The first wooden church of Kambja was built probably in the beginning of the 14th century. Churches were destroyed and rebuilt several times during centuries. The present Lutheran St. Martin’s Church was originally rebuilt in 1720, this time of stone and a transept was added to the old part in 1874. After World War II, the church, which is one of the biggest in Southern Estonia, was in ruins for many years until restoration began in 1989. The old bells which were cast in Moscow have survived. A new organ was donated by the Träsiövi congregation of Sweden.

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Kesk 6, Kambja, Estonia
See all sites in Kambja

Details

Founded: 1720
Category: Religious sites in Estonia
Historical period: Part of the Swedish Empire (Estonia)

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4.7/5 (based on Google user reviews)

User Reviews

Martin Sirm (3 years ago)
Arne Lykepak (3 years ago)
Päris kena kirik.
George On tour (3 years ago)
Kambja Church (also: Kambja Martini Church ) is a church located in Kambja , where the Kambja congregation of the EELC operates. The church has about 600 seats. Here is the work of the Bible translator and the founder of the folklore school Andreas Virginius , the kiosk Ignatsi Jaak , the brotherhood's promoter Albrecht Sutor , the organ master Johann Thal , the initiator of the Estonian choral song, Heinrich Andreas Erxleben and others. The Kambja Church was also the home church of Georg Beck , Cornelius Laaland and Julius Kuperjanov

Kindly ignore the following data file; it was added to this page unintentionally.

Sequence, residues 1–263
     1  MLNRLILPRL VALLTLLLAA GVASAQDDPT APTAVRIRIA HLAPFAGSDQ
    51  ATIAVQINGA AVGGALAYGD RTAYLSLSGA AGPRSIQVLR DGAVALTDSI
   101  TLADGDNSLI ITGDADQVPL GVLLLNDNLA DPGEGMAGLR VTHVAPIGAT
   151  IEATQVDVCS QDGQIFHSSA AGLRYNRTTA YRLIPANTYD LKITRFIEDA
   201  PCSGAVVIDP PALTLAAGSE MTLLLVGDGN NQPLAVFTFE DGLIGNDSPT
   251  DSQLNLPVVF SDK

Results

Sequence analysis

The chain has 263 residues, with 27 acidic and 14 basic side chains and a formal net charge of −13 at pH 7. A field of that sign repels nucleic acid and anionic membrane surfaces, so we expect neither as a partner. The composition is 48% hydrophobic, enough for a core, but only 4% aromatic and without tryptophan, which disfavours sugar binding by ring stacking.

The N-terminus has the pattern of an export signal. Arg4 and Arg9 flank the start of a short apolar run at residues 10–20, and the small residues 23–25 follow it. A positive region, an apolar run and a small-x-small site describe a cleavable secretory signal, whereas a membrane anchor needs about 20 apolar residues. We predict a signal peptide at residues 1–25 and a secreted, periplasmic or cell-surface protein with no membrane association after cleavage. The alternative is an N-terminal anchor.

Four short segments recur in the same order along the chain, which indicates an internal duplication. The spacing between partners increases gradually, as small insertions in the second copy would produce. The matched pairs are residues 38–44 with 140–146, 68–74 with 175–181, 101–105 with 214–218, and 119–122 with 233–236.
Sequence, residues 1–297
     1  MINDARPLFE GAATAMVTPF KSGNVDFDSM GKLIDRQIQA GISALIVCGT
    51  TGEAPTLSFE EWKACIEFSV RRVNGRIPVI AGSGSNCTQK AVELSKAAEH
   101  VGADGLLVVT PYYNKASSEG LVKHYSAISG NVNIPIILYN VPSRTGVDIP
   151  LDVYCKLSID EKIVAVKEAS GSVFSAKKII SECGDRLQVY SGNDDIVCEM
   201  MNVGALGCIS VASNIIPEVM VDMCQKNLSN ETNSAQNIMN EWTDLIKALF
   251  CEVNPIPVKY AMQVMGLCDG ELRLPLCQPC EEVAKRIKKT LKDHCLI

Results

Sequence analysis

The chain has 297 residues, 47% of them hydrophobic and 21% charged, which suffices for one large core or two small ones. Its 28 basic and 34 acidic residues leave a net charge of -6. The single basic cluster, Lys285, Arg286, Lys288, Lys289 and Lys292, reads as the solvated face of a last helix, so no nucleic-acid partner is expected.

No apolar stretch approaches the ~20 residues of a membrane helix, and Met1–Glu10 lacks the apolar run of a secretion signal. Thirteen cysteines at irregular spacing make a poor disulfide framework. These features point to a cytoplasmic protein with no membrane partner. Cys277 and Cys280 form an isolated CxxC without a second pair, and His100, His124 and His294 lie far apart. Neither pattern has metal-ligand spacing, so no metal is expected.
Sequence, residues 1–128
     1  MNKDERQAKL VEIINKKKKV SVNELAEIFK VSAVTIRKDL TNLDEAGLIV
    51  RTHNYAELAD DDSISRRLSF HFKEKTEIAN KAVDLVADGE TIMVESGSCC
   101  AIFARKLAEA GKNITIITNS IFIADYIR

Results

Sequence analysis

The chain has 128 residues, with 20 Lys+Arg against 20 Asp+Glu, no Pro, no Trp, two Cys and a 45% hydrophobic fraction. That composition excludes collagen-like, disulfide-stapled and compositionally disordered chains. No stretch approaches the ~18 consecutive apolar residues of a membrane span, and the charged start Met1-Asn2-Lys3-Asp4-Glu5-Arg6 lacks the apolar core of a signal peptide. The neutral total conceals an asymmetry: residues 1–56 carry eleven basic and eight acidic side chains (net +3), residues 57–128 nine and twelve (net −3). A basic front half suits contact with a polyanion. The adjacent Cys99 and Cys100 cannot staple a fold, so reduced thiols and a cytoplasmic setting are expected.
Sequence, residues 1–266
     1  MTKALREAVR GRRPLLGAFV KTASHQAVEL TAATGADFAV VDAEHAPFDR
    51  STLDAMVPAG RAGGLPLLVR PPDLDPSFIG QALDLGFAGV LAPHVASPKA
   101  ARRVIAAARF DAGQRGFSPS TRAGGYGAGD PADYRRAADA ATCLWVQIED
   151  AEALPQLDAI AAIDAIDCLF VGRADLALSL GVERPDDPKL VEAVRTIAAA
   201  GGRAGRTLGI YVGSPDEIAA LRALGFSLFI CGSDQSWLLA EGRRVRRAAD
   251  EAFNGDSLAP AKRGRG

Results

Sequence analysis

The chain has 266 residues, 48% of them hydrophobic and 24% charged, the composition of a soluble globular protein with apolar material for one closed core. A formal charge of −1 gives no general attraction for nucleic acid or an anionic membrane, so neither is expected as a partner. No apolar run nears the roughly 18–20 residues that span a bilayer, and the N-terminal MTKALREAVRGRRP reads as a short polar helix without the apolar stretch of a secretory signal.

MARGUS KRIIVA (5 years ago)
Ilus ja suur maakirik.
Anatoly Ko (9 years ago)
Puiestee tn 1, Kambja vald, Tartu maakond 58.236007, 26.699846 ‎ 58° 14' 9.63", 26° 41' 59.45" Самая большая уездная церковь Южной Эстонии.Исторические источники впервые упоминают эту церковь в 1330 году. Восстановление церкви продолжается с 1989 г. Сохранились старые отлитые в Москве церковные колокола. В стенах церкви служили Андреас Виргиниус (прославился как переводчик Нового Завета на эстонский язык) и Юри Реннит. Рожденный в семье Адреаса Виргиниуса Адриан Виргиниус (Vergin, 1663 -1706) был церковнослужителем в 1686-1694 г.г. в Пухья, и затем, до 1704 года – в Отепяэ.
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